Centre for Learning Excellence
University of Bedfordshire
Academic posters and exhibitions look really simple, if you've never done one. Really, they offer opportunities to develop and present an interesting and complex interaction of skills.
Skills cover understanding the poster briefing, selecting topic and scope, identifying relevant material, writing to purpose and audience, making appropriate use of figures, designing layout, creating the artefact, presenting the poster at exhibition.
But what do we know about posters and exhibitions? How can we set appropriate poster and exhibition assessments? What do we need to provide to ensure that skills can be developed? How can posters be used with part-time and distance learners? How do learners benefit from posters? How are poster skills useful after graduation?
Scanning for literature, pedagogic or otherwise, there appears to be little in academic publications, and this is scattered. 'How-to' guides for poster creators are widespread, on higher education, commercial and personal interest websites. Yet few of these can be considered thorough, most lack depth, and some are contradictory.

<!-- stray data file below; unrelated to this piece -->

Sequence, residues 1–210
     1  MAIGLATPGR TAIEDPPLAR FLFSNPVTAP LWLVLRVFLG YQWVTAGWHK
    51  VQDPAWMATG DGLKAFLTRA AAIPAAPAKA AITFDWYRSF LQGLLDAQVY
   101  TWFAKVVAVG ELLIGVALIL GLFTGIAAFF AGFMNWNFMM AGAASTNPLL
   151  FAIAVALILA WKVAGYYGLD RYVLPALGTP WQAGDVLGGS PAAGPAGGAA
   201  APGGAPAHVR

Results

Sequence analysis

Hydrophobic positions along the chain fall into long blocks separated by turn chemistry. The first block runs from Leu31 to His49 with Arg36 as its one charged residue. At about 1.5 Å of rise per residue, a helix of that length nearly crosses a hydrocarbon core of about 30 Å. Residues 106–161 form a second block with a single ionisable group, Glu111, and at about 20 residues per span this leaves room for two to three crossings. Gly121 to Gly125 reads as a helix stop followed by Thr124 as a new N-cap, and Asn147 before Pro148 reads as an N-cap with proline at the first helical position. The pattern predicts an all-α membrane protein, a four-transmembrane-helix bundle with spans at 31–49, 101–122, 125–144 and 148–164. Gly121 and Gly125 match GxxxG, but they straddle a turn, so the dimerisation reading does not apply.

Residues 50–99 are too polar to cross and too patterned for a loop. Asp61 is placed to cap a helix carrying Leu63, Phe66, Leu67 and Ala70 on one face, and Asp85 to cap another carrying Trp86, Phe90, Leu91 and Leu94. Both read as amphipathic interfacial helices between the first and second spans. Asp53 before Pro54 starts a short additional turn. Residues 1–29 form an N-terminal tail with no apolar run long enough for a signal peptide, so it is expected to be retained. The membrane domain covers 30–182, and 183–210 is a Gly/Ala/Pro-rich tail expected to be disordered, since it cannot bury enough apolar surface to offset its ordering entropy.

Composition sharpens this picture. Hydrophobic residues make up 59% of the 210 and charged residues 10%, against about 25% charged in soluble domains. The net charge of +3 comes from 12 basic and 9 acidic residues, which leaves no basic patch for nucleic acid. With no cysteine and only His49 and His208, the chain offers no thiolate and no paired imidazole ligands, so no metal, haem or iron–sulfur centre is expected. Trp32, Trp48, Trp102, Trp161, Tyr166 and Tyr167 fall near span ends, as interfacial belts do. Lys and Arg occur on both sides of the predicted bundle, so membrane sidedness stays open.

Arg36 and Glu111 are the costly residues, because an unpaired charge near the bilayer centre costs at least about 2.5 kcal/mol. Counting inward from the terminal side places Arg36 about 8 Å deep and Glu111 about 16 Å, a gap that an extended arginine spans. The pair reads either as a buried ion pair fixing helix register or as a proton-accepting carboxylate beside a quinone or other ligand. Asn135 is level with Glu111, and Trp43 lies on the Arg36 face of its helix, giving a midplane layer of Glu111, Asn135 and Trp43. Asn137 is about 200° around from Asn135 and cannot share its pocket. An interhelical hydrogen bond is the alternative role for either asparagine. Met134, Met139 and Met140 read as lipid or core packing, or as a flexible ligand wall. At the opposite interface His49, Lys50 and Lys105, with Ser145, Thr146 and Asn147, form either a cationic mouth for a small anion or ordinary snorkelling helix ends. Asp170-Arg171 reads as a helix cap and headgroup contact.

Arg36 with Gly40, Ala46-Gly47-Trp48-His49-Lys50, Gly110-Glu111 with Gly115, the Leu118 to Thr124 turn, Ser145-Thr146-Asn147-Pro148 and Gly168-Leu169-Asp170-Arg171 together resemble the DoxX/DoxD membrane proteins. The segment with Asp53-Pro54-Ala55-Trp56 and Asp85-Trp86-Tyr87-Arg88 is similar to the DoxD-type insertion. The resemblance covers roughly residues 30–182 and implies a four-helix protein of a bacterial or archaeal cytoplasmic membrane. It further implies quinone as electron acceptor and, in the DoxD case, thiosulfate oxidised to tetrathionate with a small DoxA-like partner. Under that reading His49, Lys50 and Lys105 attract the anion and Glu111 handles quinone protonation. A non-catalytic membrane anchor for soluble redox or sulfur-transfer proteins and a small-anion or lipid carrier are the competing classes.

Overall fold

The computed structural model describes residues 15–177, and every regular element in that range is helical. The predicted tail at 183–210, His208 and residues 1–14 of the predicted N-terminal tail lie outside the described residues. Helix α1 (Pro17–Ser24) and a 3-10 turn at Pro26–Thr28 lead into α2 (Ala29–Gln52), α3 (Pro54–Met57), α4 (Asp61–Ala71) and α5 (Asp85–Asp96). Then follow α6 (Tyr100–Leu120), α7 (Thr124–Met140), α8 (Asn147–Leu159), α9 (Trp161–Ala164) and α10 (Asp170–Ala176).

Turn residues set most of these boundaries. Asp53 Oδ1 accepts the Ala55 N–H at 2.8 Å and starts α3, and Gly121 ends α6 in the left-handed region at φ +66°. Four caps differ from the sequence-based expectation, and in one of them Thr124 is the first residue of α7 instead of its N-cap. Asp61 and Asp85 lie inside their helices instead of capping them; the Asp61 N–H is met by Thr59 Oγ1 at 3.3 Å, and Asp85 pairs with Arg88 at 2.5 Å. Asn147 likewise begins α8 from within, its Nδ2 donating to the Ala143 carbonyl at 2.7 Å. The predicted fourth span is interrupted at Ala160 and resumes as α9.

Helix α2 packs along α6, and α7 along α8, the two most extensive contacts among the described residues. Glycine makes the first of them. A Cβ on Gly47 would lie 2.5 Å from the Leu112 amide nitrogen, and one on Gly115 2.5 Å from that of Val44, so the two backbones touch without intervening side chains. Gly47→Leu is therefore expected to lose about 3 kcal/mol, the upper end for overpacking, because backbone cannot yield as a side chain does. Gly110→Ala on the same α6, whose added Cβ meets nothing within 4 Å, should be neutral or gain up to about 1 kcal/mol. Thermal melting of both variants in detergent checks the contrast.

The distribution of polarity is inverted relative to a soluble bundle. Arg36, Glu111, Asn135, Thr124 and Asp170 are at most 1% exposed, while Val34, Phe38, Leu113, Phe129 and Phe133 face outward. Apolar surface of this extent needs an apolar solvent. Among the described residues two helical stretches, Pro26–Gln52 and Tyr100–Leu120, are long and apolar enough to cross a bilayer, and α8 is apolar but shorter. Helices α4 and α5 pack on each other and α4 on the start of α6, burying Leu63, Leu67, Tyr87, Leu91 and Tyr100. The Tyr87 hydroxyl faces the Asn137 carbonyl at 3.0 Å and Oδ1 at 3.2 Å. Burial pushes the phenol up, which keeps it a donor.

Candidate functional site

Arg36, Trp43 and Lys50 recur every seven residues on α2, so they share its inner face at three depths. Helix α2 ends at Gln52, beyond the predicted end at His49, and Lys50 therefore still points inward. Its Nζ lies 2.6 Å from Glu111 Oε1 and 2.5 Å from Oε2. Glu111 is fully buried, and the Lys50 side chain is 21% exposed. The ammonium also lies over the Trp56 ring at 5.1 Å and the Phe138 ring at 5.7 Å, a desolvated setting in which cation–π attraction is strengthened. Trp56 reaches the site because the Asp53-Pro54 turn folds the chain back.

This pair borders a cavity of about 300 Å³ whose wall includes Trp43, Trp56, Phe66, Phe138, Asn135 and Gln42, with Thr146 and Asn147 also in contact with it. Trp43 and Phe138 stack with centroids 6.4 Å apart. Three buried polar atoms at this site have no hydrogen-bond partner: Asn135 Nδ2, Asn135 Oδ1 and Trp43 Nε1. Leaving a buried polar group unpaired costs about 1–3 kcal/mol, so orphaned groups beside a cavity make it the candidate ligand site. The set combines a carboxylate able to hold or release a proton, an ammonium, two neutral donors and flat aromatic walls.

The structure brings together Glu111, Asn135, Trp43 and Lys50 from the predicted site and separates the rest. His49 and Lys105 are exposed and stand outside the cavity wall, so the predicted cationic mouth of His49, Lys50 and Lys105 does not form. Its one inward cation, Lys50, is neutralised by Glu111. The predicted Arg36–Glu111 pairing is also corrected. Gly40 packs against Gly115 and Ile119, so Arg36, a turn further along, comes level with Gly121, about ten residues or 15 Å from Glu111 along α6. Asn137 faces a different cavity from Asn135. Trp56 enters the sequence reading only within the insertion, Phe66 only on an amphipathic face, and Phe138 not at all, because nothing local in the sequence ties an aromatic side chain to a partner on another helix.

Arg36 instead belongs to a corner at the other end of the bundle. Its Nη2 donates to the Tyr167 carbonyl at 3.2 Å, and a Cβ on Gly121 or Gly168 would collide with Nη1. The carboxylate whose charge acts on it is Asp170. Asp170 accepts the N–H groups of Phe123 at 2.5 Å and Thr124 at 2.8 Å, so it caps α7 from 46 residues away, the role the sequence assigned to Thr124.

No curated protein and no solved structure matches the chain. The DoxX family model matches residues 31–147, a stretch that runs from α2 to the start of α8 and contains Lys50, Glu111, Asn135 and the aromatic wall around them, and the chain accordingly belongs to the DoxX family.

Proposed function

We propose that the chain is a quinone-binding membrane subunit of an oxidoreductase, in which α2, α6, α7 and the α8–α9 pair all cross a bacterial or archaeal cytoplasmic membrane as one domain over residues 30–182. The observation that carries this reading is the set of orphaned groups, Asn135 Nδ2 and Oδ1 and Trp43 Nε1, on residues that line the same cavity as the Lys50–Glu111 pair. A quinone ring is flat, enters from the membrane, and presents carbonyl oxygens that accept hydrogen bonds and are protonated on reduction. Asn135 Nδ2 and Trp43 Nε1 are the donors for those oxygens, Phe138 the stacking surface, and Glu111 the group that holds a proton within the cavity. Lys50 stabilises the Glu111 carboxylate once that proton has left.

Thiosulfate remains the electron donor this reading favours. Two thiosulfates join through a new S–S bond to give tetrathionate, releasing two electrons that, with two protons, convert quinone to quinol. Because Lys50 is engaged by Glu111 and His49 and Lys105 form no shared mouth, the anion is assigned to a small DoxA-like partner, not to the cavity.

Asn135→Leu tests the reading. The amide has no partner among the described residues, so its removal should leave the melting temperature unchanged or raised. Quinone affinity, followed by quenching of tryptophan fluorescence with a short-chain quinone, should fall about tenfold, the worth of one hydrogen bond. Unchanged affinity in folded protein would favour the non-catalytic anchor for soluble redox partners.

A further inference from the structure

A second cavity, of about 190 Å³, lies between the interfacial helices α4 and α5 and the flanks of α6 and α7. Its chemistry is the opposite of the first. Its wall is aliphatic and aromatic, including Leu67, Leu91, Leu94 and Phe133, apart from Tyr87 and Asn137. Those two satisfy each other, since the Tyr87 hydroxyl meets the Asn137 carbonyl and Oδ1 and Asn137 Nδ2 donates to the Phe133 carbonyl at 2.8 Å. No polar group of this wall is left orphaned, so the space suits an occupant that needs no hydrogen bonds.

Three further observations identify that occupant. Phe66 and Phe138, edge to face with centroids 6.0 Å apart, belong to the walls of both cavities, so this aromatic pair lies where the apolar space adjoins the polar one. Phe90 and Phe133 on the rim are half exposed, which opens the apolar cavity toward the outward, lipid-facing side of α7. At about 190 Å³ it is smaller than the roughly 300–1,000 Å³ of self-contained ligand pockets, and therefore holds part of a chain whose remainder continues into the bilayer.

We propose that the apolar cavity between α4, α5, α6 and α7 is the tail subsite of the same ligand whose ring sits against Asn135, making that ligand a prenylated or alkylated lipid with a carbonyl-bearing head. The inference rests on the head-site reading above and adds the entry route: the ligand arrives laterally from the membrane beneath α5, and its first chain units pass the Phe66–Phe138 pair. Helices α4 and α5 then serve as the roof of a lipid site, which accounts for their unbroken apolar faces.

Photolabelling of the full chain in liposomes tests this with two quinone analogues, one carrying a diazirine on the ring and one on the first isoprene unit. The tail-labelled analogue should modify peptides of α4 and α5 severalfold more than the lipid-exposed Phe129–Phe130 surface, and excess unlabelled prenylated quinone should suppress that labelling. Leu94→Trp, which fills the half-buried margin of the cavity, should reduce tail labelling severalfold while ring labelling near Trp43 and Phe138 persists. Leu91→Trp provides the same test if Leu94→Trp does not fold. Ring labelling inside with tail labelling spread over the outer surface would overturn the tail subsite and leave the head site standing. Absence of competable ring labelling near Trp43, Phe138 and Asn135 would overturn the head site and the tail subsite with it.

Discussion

And for those designing the brief for posters or exhibitions, there is even less.
This project addresses the purposes, outcomes and impacts of academic posters and poster exhibitions. It will create resources for use across the University, for students and staff.
Contact firstname.lastname@example.org to get involved or for more information.
As a teacher in pre-tertiary education, I have often been involved in poster and poster-like activities, as educating and persuading others are skills UK school students are encouraged to develop. I have also been involved in community publishing, where I developed, somewhat untutored, skills in page and advertising design.
I was assessed through an academic poster and exhibition as part of my Masters in 2004. I thought it was an excellent experience, and a relevant form of assessment. I became involved with the Research Poster Exhibition at the start of my PhD in 2005, as a requirement of the PhD to present a poster, through supporting the training to research students with the then trainer, and by accidental and significant involvement with the exhibition organisation. Since then, I have been regularly involved in research student poster training, and the organisation of the Research Poster Exhibition the Teaching and Learning Symposium, and their integration into the University of Bedfordshire Conference.